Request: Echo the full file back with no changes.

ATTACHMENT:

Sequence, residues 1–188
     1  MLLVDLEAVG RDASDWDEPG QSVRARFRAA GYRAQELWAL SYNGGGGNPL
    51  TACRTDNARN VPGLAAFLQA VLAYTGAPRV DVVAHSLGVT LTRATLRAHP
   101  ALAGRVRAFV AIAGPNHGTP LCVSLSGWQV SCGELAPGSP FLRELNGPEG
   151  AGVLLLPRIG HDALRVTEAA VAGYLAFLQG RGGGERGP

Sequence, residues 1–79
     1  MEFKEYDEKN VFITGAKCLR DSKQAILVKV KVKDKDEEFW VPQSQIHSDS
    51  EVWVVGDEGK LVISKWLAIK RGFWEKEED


Sequence, residues 1–188
     1  MLLVDLEAVG RDASDWDEPG QSVRARFRAA GYRAQELWAL SYNGGGGNPL
    51  TACRTDNARN VPGLAAFLQA VLAYTGAPRV DVVAHSLGVT LTRATLRAHP
   101  ALAGRVRAFV AIAGPNHGTP LCVSLSGWQV SCGELAPGSP FLRELNGPEG
   151  AGVLLLPRIG HDALRVTEAA VAGYLAFLQG RGGGERGP

Sequence, residues 1–79
     1  MEFKEYDEKN VFITGAKCLR DSKQAILVKV KVKDKDEEFW VPQSQIHSDS
    51  EVWVVGDEGK LVISKWLAIK RGFWEKEED